Nearly half a million Iraqis homeless in Anbar: UN
Around 480,000 people have been forced out of their homes by violence in Iraq’s western province of Anbar, the UN High Commissioner for Refugees (UNHCR) says.
“The full scale of the displacement from this ... conflict is unknown, as the Iraqi authorities have had to suspend registration over the past month because of insecurity," said UNHCR spokesman Adrian Edwards at a press conference in the Swiss city of Geneva on Friday, adding, "UNHCR believes the current figure is now close to 480,000."
The agency has managed to gather only 12 percent of the $26.4 million (19 million euro) needed to tackle the crisis in Anbar since it started its work there back in March.
Displacement in Anbar increased after Takfiri militants intentionally breached a dam, which flooded the area and forced some 72,000 people from their homes, Edwards said.
The move has made Iraqis’ access to clean water difficult, noted the UNHCR spokesman, adding, "Local officials say 28 tanker truckloads of potable water are being delivered to the area every day, but this is only meeting 50 percent of needs."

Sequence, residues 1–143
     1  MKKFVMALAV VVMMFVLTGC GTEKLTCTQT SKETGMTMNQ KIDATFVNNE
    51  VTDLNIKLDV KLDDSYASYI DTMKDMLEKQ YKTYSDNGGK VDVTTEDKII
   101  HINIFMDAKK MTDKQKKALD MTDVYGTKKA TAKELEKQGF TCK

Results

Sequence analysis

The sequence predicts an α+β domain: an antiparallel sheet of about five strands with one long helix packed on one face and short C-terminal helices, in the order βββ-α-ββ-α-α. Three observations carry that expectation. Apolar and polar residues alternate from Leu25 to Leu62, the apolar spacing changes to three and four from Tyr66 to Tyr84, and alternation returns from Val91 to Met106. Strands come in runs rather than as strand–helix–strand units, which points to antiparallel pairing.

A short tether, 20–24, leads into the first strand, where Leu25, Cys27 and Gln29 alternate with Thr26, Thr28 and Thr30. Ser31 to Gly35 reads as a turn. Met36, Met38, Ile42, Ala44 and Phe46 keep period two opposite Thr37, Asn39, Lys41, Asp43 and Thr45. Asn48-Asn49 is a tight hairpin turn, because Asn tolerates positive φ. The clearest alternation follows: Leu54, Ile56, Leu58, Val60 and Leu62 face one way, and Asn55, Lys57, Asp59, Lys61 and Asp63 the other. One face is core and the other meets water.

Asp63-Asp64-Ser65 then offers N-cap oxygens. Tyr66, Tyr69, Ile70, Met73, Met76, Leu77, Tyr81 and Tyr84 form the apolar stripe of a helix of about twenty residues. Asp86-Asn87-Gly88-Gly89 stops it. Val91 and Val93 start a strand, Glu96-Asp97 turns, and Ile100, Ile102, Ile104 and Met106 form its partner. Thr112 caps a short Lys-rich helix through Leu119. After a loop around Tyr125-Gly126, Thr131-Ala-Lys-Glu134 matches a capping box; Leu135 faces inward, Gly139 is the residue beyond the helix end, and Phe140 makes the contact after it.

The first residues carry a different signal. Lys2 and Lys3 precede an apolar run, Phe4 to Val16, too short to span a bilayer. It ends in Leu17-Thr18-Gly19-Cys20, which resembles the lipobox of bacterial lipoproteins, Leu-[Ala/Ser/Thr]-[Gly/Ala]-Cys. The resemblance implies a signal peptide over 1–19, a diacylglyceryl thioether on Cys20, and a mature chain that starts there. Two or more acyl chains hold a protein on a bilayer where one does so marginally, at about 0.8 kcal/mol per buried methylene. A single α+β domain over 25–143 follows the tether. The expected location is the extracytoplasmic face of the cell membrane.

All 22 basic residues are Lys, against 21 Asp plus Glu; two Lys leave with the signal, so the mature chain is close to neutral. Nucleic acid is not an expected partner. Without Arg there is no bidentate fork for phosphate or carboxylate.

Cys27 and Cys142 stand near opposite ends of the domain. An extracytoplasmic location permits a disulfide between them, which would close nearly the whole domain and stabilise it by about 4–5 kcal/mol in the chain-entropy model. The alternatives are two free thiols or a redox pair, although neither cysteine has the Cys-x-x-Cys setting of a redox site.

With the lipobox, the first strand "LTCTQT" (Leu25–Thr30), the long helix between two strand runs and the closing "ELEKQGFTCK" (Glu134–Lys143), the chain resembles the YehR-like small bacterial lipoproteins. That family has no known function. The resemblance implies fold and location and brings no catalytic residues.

"We urgently need to ramp up our response which is difficult for three reasons: We have deteriorating security in Anbar hindering access to people in need, the displaced are spread out across much of the country, and donor support is lacking."
The violence in Anbar broke out on December 30, 2013, when the army removed an anti-government protest camp in Ramadi. Authorities said the camp was used as “headquarters for the leadership of al-Qaeda.” The bloodshed later spread to nearby Fallujah.
The security forces supported by Sunni tribesmen have been battling the militants since then.